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You See: The Early Years of the UC Davis Art Faculty

May 3 - June 22, 2008


On view at the Hearst Art Gallery at Saint Mary's College from May 3 through June 22, 2008 will be the largest public exhibition ever of work by University of California, Davis faculty members Robert Arneson, Roy De Forest, Manuel Neri, Wayne Thiebaud and William T. Wiley.

"History was made in the Central Valley in the early '60s when five great artists came together on the same faculty for over a decade and changed the nature and perception of art in California forever," said Nelson Gallery director Renny Pritikin. "We are tremendously excited to be able, for the first time, to display the best of these little-seen works in a single exhibit -- and to be able to travel the collection."

The exhibition includes 36 works from the Nelson's permanent collection. "The Palace at 9 a.m.," Arneson's enormous ceramic ode to his '50s-era Davis tract home, will anchor the show, together with three Thiebaud masterworks and three of Neri's most admired figurative sculptures. "Crash," Arneson's bronze homage to Jackson Pollock, is also included, together with rarely seen paintings, drawings and prints by De Forest and Wiley. The five Davis artists are sometimes identified with "California funk," characterized by bawdy irreverence, iconoclasm and self-deprecating humor.

All five artists came to teach at UC Davis between 1960 and 1965. Thiebaud, at 86 one of the most popular and respected American painters of the 20th century, continues to teach UC Davis art students. Arneson, who played a critical role in the elevation of ceramics from craft to fine art, remained on the faculty until his death from cancer in 1992 at age 62. Neri, regarded as one of America's most important figurative sculptors and the leading Latino artist of his generation, was a faculty member for 25 years. De Forest, who died last May at age 77, also spent nearly a quarter century on the faculty, amassing a body of work that continues to reflect and shape Northern California culture today. Wiley, who developed perhaps the most original and influential drawing style of his time, spent a decade teaching and creating art on the Davis campus. The three surviving artists continue to make strong work well into their 60s, 70s and beyond.

Julia Marshall, an art historian at San Francisco State University, notes that "the UC Davis campus was originally an offshoot of the Bay Area art world but soon became a center of its own, one that in many ways eclipsed the Bay Area scene and invigorated and shaped the entire region. Perhaps the biggest accomplishment of the Davis/Bay Area artists at this time was the development of an alternative to New York, a regional art that spoke to and for Northern California and replaced the pretensions of the East Coast art world with an earthy, honest and vital local West Coast authenticity."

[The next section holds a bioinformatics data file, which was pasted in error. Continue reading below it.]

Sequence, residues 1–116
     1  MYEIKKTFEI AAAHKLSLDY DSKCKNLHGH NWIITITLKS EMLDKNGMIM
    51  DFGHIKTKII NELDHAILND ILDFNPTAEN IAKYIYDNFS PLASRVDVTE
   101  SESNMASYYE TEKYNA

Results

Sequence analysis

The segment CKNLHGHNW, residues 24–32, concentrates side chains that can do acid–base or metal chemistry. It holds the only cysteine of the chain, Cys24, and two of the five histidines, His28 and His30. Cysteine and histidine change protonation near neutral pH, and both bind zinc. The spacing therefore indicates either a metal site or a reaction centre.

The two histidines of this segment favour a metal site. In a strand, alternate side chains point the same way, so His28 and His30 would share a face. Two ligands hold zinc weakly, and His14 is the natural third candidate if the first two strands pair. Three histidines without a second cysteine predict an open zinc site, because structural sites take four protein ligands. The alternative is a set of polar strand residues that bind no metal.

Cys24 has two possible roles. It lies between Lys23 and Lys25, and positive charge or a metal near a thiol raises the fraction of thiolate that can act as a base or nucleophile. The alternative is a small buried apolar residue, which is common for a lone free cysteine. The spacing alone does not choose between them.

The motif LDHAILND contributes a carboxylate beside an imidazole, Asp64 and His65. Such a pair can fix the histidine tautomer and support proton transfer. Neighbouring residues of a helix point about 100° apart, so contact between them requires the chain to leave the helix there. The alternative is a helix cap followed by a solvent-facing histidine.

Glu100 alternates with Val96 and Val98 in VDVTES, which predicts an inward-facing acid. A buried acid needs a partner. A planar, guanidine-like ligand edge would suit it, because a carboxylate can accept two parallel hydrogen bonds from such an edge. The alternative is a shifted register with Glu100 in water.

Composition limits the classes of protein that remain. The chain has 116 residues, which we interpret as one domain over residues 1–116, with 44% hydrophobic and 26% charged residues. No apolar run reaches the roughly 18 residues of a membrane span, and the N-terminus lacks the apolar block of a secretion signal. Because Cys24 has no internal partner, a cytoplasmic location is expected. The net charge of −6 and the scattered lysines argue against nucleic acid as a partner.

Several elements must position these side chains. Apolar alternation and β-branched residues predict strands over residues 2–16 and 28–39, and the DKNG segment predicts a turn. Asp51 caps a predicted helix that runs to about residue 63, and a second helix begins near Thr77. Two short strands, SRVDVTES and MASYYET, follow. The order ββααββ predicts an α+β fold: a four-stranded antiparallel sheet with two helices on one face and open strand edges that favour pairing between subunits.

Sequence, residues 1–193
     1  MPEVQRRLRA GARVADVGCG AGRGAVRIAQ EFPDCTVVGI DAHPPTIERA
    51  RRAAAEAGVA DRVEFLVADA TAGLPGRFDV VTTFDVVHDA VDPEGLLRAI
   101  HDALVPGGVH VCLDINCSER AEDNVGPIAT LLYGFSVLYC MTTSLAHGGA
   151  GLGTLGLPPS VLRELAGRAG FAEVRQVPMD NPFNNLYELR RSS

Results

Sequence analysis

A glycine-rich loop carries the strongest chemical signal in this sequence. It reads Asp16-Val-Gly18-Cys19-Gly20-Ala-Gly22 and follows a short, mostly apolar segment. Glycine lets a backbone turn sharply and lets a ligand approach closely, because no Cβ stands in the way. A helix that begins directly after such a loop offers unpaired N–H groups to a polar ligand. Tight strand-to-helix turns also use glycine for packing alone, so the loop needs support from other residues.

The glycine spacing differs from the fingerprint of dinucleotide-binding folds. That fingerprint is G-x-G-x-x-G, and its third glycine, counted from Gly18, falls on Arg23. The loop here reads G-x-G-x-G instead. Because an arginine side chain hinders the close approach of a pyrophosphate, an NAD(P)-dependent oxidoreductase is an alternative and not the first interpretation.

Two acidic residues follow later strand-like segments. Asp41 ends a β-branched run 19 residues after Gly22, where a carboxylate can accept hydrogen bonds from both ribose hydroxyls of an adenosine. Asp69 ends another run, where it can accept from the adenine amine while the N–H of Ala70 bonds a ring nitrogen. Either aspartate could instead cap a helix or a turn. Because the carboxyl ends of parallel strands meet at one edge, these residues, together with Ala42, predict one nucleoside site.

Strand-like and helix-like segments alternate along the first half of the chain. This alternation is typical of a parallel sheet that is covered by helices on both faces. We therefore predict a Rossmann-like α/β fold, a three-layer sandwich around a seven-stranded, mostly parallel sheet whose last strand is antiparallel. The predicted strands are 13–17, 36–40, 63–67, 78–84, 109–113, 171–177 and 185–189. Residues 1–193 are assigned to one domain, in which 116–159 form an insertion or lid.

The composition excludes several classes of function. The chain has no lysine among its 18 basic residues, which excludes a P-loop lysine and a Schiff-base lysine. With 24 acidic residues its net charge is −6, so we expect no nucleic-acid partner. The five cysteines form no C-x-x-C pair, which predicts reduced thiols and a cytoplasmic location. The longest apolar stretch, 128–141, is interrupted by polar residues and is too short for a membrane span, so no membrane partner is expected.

The "You See" exhibition was made possible in part by a grant from the National Endowment for the Arts.


(above: Manuel Neri, credit line pending)

(above: Manuel Neri, credit line pending)


(above: Robert Arneson, Crash, credit line pending)


(above: Robert Arneson, Crash, credit line pending)



Related event

A panel discussion with Neri, Renny Pritikin, exhibition curator, Brian Gross, longtime representative of Arneson's and De Forest's work, and moderated by San Francisco artist Jessica Dunne, will take place on Sunday, May 4, at 2 p.m., in the Soda Activity Center. A reception in the Hearst patio will follow the program.

RL readers may also enjoy:

and these earlier articles and essays in chronological order:

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TFAO also suggests these DVD or VHS videos:

Behind the Scenes with Wayne Thiebaud is a 30 minute 1992 video released by First Run Features based on a series by PBS. Follows American painter Wayne Thiebaud (b. 1920) as he uses drawing to expand children's understanding of line from simple outline to its creation of volume, shape, feeling, and movement
Wayne Thiebaud: Line: 30 minutes 1992 "When is a line not a line? When it's volume, shape, movement, and feeling. At first glance, the lines in Wayne Thiebaud's drawing look simple. Gradually, the line becomes more complex as the linear structure of a portrait of an ice cream cone is revealed. Hosted by the comedy team Penn and Teller, this program is designed to instill creative and critical thinking skills in children through the exploration of the visual and performing arts."

TFAO does not maintain a lending library of videos or sell videos. Click here for information on how to borrow or purchase copies of VHS videos and DVDs listed in TFAO's Videos -DVD/VHS, an authoritative guide to videos in VHS and DVD format.

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rev. 3/10/08

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